Brazil is a developing nation of approximately 200 million people incorporated as a federative republic with 26 states, a federal district where the capital city – Brasília - is located and over 5,000 municipalities, bound by a Federal Constitution dated 1988. The Brazilian economy generates over 50% of South America's total GDP.

As a civil law country, Brazil has several statutes and regulations applicable to all business activities, and a tax structure with over fifty different taxes applying at the local, state or federal level. Notwithstanding this fact, the federal government has a strong program of encouraging foreign investment due to finance and infrastructure development needs. As a general rule, except for certain sectors such as nuclear energy, banking and financial institutions, newspapers, television and the aerospace industry, for example, there is no restriction regarding the participation of foreign companies in the capital stock of legal entities incorporated in Brazil.

Although there are a few company forms, the two most common forms for incorporating a Brazilian company are the Limitada or Limited Liability Company, which is a hybrid between a corporation and a partnership; and the Sociedade Anônima or S/A (Joint Stock Company) , which is the basic Corporation form in Brazil.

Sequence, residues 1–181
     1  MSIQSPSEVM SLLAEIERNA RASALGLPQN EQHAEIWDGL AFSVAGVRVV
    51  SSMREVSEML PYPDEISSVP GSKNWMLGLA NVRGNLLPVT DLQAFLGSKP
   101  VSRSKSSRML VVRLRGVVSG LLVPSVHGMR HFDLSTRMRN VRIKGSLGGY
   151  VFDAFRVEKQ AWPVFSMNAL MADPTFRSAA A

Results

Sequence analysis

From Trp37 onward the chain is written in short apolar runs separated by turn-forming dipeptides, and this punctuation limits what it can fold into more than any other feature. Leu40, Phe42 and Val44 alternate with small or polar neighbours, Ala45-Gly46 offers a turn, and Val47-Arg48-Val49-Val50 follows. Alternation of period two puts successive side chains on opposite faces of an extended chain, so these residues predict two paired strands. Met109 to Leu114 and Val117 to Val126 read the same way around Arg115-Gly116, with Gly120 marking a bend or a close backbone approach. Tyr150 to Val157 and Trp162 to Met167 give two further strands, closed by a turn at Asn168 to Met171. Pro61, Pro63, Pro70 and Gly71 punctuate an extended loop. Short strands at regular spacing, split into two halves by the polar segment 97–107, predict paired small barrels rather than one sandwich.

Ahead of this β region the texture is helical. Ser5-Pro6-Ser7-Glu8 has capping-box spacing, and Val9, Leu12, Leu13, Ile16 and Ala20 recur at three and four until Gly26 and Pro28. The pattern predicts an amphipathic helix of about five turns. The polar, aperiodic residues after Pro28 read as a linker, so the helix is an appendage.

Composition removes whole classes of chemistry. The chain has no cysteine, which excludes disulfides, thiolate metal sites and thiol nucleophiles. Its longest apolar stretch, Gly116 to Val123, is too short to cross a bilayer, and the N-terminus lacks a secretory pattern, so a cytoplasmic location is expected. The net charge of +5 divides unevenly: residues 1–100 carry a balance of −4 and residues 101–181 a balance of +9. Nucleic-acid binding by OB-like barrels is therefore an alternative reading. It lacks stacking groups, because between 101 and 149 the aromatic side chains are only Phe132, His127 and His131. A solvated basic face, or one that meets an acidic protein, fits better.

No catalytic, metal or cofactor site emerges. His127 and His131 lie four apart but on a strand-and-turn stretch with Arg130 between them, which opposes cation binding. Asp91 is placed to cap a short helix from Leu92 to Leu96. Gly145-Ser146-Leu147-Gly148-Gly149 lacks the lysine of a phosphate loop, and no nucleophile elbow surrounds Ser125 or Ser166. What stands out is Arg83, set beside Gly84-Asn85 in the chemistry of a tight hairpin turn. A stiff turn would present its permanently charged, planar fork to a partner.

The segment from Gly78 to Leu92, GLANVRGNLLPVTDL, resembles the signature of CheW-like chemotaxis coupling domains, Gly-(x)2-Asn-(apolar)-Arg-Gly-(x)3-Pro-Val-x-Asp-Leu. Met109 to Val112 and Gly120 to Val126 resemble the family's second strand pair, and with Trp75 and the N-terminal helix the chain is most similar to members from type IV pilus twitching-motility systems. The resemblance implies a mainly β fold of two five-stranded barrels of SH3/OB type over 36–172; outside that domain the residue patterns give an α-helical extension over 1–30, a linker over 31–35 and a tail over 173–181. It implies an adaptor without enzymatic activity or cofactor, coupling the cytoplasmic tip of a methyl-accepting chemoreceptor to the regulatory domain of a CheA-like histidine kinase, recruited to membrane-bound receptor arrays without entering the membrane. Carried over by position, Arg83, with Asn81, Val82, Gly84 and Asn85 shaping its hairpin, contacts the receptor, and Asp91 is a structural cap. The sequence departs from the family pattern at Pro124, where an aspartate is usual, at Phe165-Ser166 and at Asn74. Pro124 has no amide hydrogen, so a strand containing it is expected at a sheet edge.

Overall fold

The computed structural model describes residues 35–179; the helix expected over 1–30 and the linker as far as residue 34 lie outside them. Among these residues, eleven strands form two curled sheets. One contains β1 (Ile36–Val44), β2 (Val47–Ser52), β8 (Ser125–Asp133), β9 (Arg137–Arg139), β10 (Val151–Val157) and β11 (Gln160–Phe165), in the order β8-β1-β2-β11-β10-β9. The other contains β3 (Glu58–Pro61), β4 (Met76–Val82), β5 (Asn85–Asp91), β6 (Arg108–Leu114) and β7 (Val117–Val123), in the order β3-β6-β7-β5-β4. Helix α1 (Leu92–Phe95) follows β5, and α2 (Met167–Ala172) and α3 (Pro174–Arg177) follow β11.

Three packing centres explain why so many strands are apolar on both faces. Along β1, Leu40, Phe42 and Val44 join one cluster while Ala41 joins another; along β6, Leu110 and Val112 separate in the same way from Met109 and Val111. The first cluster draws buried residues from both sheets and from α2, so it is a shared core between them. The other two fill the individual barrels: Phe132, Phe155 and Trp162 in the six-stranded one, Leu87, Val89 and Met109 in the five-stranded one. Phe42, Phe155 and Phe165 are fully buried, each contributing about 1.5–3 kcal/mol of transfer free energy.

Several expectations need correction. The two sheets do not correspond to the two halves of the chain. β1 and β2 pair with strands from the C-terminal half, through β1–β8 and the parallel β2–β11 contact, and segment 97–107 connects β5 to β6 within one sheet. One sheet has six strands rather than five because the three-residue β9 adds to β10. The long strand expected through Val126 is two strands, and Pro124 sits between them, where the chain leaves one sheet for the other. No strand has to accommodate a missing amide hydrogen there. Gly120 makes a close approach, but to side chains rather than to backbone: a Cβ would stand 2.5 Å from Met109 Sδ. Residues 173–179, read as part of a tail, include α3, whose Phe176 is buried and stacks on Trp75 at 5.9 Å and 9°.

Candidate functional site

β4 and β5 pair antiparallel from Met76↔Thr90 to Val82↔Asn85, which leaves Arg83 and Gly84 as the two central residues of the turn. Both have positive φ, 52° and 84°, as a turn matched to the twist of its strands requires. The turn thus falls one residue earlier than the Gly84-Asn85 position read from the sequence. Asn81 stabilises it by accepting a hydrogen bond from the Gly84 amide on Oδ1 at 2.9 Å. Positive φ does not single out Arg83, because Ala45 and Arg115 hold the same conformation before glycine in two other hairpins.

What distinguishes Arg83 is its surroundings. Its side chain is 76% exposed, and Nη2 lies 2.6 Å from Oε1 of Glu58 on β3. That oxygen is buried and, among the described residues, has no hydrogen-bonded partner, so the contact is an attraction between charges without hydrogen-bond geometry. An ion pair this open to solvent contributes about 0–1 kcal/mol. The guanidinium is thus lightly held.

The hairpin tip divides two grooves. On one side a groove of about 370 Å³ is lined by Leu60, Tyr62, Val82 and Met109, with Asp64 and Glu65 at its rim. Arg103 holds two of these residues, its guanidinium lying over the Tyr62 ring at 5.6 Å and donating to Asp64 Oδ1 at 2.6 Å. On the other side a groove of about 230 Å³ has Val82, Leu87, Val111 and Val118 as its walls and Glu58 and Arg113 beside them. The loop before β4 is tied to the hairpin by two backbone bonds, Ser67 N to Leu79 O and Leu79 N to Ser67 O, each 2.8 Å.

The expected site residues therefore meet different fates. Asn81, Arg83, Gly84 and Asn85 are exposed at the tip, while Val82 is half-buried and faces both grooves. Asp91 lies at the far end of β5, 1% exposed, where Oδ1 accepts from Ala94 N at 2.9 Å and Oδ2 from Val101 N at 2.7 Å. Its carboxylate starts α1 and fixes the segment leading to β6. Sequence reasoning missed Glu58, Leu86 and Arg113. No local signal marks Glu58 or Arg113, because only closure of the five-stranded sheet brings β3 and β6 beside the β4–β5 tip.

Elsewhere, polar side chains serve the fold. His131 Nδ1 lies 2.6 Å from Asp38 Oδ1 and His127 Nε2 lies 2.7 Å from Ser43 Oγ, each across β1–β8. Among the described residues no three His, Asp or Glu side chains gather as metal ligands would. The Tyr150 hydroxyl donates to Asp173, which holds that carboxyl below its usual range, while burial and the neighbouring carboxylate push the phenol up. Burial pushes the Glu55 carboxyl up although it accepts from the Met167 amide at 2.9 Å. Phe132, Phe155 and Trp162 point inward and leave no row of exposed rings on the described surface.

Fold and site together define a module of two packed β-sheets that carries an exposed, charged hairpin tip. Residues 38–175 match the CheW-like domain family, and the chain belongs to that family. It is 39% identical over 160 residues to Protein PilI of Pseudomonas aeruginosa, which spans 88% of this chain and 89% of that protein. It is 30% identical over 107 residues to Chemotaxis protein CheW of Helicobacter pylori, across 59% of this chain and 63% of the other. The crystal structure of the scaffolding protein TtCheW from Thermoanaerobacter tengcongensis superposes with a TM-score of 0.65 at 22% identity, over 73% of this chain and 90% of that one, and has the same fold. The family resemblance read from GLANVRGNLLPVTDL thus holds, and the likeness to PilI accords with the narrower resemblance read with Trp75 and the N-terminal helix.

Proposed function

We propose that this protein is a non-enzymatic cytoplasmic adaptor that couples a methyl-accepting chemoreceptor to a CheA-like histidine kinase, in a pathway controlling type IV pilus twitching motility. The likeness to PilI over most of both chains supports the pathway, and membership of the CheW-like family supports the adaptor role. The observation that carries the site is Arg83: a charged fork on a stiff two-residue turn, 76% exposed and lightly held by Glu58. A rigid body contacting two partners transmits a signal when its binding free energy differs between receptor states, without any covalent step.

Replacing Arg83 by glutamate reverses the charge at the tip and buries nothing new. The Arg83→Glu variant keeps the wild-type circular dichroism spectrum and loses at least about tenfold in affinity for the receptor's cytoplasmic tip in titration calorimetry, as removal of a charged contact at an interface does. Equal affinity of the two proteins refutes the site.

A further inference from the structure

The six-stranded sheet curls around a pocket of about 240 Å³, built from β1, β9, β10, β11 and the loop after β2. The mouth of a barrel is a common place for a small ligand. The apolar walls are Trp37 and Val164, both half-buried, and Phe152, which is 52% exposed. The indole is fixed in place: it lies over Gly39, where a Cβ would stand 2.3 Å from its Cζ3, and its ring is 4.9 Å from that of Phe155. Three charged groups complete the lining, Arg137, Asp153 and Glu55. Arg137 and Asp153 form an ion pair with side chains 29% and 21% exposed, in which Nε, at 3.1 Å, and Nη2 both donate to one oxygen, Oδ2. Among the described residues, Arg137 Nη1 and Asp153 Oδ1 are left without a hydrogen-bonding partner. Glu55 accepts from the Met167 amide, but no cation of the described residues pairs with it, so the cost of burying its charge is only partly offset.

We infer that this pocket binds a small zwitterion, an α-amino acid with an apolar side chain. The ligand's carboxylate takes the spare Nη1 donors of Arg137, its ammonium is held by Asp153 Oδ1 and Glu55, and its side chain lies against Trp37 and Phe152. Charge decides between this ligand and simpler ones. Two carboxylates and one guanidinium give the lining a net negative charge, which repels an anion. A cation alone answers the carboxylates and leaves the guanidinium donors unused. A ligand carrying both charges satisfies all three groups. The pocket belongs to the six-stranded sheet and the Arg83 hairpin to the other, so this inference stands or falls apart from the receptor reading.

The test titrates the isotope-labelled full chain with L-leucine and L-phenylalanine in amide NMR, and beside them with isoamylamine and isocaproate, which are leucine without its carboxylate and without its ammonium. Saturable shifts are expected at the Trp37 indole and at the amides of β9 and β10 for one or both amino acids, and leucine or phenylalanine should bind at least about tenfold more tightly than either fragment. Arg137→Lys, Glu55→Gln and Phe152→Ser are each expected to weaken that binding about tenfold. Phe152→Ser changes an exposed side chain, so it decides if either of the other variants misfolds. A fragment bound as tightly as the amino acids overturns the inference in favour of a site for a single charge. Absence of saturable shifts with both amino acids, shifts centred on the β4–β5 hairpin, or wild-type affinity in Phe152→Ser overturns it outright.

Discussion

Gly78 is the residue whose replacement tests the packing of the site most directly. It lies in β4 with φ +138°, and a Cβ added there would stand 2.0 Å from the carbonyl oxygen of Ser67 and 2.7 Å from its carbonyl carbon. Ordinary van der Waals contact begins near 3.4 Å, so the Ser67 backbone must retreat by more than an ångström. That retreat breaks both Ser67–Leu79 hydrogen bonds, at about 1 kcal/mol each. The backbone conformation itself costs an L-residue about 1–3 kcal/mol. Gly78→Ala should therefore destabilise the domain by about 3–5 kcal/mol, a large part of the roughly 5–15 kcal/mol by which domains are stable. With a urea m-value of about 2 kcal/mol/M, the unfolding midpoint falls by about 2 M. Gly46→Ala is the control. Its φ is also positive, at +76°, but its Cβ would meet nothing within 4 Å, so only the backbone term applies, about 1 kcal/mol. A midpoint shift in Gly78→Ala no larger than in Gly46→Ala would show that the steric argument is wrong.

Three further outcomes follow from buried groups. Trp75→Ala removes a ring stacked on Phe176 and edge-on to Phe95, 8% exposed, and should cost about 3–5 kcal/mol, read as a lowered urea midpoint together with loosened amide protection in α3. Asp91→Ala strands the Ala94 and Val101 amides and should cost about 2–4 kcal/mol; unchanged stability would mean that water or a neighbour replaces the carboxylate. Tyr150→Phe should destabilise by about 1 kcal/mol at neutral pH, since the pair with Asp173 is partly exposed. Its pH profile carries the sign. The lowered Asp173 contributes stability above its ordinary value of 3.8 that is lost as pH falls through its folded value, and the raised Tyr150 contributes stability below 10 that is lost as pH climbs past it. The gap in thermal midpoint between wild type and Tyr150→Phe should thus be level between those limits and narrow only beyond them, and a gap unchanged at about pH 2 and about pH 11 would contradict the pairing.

The Limited Liability Company

Limitadas are regulated by the Brazilian Civil Code (Law 10,406, of January 10, 2002, as amended) and they are incorporated upon the execution of an Article of Association by, at least, two stockholders, also known as quota holders. The Article of Association must set forth, among other matters, on the Limitada's name, which shall refer to the company's corporate purpose; capital and quota division structure; management structure; the participation of each quota holder in the losses and profits; and any other provision the quota holders may choose to include.

As far as Brazilian law is concerned, there is no minimum corporate capital requirement or requirement for corporate capital to be paid-in upon the incorporation of the Limitada. The quotas represent the amount in cash, credits, rights or assets that each quota holder contributed when forming the Limitada. With regards to the management structure, through the Articles of Association (or a separate instrument if one is used), the quota holders may appoint one or more individuals to act as officers (administrators). Whether quota holders or not, and whether they are Brazilian citizens or foreigners holding a permanent visa, the officers must invariably be resident in Brazil. Legal entities cannot be appointed as officers.

The Joint Stock Company